"I am not busy."
很 looks like a copula but I've asked around and it is not a copula but an adverb literally meaning "very" but usually without meaning when used in these kind of constructions.
Many languages don't use copulas with adjectives since their adjectives are more like verbs than the adjectives in European languages are. They are often called "stative verbs".
I also just learned in the comments of another question in this lesson that 很 is not used in questions or negative statements.
When you make an absolute negation in Chinese, it is not correct to talk about the magnitude, quantity, completion, etc. As I am not busy (at all), "busy" is inexistent and I cannot attach 很 and say 我很不忙 ↢wrong sentence
(The exceptions I can think of are some feelings and emotions. It is allowed to say 我很不开心/I am very unhappy, 我很不喜欢～/I don't like ~ very much.)
If I say 我不很忙，I am making a negation on "very", not busy. It means I am still busy, just not very busy.
I think in a thread another native user pointed out to you 很 does always mean "very". I agree with her.
I know a theory says it's a copula. I don't study linguistics, not even language academically. So I would hold back saying it's wrong. It didn't convince me anyway. If it is a copula, 2 questions need to be answered: (1) Why it disappears in so many sentence patterns? (2) Why it can always be replaced with a phrase of magnitude?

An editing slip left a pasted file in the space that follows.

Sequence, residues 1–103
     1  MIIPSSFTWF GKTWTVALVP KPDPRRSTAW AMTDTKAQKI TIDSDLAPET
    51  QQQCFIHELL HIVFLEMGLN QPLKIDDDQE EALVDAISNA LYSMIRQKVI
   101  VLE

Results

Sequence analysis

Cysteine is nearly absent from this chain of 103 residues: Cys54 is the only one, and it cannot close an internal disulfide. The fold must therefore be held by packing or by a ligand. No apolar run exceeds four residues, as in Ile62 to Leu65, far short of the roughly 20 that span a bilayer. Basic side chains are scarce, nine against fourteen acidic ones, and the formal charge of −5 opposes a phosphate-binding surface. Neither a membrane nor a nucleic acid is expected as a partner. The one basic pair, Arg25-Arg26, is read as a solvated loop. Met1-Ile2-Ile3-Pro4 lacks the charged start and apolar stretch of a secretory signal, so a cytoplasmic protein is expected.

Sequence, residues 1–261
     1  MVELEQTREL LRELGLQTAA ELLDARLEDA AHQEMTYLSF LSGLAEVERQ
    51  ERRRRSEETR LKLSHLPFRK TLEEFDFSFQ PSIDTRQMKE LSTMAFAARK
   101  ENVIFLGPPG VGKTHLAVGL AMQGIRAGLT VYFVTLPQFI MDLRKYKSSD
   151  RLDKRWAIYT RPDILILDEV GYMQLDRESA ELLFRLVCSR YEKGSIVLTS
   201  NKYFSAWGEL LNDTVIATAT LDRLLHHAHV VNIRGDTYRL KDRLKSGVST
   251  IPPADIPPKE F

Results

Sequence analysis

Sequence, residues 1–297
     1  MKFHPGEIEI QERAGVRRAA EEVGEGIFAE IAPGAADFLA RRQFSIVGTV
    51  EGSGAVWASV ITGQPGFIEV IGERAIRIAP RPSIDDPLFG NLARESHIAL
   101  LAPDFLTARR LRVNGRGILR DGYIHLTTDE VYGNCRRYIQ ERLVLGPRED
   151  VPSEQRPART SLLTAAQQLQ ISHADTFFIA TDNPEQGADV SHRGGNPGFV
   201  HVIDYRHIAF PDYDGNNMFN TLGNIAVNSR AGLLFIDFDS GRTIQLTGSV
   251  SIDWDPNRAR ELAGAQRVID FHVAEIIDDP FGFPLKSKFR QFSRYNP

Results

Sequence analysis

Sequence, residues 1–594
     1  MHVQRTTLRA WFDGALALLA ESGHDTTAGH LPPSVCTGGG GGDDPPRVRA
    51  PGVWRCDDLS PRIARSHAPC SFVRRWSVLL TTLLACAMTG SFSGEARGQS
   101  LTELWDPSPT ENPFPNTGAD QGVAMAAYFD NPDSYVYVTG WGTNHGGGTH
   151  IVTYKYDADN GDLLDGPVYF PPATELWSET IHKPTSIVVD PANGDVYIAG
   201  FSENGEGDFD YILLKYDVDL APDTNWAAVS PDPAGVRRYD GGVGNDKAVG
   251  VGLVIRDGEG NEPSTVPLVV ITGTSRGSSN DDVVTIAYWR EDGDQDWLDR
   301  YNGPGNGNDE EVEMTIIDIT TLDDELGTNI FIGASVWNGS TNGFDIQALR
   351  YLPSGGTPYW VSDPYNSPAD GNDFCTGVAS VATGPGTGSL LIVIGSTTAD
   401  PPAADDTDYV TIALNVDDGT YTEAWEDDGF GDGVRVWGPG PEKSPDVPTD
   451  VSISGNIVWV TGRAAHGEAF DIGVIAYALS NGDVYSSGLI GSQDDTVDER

I am okay for courses to tell people to always insert a 很 - sometimes it is an inevitable evil to make things simpler for learning. However they should teach people it is a kind of mnemonics, not as a "rule", before they can explain things well.
There would be no literal translation you guys keep looking for. You always need to ensure the degree of magnitude is conceived explicitly or via the context for adjectives like this. So it depends on the circumstances in which you would say this sentence. Can you describe a scenario in details you would say it? Are you trying to highlight a comparison, or are you providing 2 parallel descriptions? Does that "you" know how tall that "I" is? And does that "you" know how tall he is himself?